Paintings by Emily Kame Kngwarreye, Richard Yukenbarri Tjakamarra, Dorothy Napangardi and Nancy Noonju.

Australian aboriginal paintings that dream with the land, grass, yam and rivers. Dreaming is a term used by Aborigines to describe the relations and balance between the spiritual, natural and moral elements of the world. It is an English word but its meaning goes beyond any suggestion of a spiritual or dream-related state. Rather, the Dreaming relates to a period from the origin of the universe to a time before living memory or experience - a time of creator ancestors and supernatural beings. -aboriginalartonline

Claudia Gaudelli: Women Boxers in Argentina
Artist Statement via lensculture:

This photoessay, “Women Boxers” was born from a desire to show women from an unusual perspective: fighting in the boxing ring. By highlighting a side of women that is commonly associated with masculinity—what many would even call a dark side—my hope is to broaden our perception of the limits of womanhood.

Each one of these female athletes has her own story but all of them shared something in common: humble origins and family environments in which the prevailing atmosphere was  need and poverty.

None of my subjects hailed from “conventional” families, or from nice homes with gardens,  or from airy apartments with balcony views. For these women, their past became their identity and situated them in a present where sacrifice, respect and love for boxing are the very air they breath. For these brave women, boxing is a form of art: the art of hitting and not being hit.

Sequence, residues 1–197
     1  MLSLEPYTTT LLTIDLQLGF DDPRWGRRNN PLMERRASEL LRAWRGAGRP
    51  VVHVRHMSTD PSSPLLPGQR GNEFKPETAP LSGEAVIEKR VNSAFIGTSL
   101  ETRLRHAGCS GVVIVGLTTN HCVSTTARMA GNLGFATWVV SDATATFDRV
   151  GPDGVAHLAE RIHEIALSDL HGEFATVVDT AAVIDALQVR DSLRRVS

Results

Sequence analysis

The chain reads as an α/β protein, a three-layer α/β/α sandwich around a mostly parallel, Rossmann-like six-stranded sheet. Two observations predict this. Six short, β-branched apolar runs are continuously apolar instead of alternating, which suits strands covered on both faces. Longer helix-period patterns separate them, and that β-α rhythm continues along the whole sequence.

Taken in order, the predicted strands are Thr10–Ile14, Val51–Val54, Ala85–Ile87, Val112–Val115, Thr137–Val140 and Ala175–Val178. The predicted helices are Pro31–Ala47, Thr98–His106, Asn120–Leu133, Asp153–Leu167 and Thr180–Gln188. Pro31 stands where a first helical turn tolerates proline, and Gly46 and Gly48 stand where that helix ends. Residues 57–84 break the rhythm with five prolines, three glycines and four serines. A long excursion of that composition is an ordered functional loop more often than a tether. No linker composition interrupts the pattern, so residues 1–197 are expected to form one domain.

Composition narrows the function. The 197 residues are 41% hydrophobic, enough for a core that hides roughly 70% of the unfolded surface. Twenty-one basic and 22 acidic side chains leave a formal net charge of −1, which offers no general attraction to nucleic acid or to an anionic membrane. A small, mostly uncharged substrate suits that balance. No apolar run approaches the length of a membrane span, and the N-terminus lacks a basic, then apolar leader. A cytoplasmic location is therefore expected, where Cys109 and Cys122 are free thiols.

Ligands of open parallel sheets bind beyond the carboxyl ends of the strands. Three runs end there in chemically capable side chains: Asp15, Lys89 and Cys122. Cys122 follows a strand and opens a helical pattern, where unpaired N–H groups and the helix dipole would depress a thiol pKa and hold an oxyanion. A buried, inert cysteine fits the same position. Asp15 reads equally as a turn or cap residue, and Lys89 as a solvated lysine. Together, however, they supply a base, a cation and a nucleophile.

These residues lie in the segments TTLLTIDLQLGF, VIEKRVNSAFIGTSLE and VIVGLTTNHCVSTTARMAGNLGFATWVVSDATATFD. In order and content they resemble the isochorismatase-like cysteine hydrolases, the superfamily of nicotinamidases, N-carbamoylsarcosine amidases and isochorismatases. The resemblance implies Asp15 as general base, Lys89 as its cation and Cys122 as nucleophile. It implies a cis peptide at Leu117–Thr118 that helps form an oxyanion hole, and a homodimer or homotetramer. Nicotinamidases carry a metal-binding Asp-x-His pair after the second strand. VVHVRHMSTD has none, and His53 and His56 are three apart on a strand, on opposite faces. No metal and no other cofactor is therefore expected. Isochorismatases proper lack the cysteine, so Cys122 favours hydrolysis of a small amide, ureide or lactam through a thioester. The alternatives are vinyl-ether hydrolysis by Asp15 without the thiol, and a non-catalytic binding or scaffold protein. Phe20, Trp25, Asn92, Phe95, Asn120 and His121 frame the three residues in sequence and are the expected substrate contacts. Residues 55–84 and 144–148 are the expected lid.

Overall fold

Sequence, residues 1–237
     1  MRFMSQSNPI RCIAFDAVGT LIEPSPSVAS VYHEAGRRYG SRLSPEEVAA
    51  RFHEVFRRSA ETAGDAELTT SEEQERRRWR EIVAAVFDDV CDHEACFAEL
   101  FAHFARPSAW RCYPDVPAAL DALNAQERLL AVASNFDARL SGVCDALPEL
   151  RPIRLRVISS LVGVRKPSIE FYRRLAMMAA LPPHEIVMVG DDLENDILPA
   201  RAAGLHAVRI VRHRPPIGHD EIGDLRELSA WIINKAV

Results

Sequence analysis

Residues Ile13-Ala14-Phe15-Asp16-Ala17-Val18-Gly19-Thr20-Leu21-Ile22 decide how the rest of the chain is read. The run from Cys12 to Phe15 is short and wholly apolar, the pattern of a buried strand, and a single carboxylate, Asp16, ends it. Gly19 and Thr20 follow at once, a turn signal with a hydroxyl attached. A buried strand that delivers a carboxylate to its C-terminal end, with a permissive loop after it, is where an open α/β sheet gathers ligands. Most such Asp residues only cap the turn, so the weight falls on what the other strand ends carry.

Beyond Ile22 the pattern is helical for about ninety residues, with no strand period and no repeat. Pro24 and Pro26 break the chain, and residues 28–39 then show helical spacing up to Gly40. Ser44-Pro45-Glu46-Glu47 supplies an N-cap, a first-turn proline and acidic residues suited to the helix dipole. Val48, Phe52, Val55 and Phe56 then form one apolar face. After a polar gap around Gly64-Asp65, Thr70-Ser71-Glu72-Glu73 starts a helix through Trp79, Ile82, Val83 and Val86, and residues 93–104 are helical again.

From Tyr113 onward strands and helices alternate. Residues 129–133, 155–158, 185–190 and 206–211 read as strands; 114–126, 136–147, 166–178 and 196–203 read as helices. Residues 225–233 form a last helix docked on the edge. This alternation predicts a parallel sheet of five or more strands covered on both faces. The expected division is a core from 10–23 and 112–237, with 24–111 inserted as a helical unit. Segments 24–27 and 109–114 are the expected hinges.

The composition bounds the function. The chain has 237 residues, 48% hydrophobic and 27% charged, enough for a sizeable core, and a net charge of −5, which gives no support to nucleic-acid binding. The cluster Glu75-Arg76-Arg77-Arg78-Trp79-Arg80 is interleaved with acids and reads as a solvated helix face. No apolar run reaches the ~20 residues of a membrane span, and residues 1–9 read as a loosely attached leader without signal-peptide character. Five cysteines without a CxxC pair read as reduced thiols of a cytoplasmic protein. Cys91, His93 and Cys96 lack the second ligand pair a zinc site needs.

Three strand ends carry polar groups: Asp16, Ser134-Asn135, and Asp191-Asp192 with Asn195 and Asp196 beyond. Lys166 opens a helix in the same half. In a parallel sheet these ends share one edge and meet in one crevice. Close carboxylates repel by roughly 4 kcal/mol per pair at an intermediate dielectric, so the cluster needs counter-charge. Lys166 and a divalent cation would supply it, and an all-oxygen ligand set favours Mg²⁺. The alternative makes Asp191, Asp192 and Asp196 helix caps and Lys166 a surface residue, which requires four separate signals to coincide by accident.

These athletes live a life of discipline and strict training. Every day when they get up, they are looking for a different future for themselves. They spend what free time they have on long commuter rides from poor, suburban neighborhoods, traveling for the chance to get in the ring.

They train every morning, sometimes evenings too, day after day. All of them are pouring their hearts out for the chance to fulfill a dream, a shot at the world championship.

This dream is what keeps them standing on their feet, this dream has kept them from falling, kept them waking up, training, struggling and fighting.

—Claudia Gaudelli

Riverboom: The Love Commandos; is a voluntary organization in India dedicated to helping India’s lovebirds who want to marry for love. They provide assistance in protecting couples, helping them fight harassment and giving them shelter so they can marry freely.

via Riverboom “A reward of Rs 50000 to kill us is still valid. Our crime is: we fell in love. We have been on the run since 2010 as our families are not ready to accept us as a couple. Had it not been for the Love Commandos we would not have been alive today”, explains Mehvish, 23.

In a land, where even Cupid would tread carefully, the Love Commandos, a volunteer organization, have taken the onus to protect couples from the animosity of their families. Operating from their HQ in the crowded area of Paharganj in North Delhi, the Love Commandos are a small team but have saved many couples. They fight against killers, resists police and battle against century long traditions that enrage entire villages. Lead by Sanjoy Sachdev and Harsh Malhotra this open group of activists helps these couples by organizing their break outs, filing their cases in court and protecting them from dangers, all in the name of Love.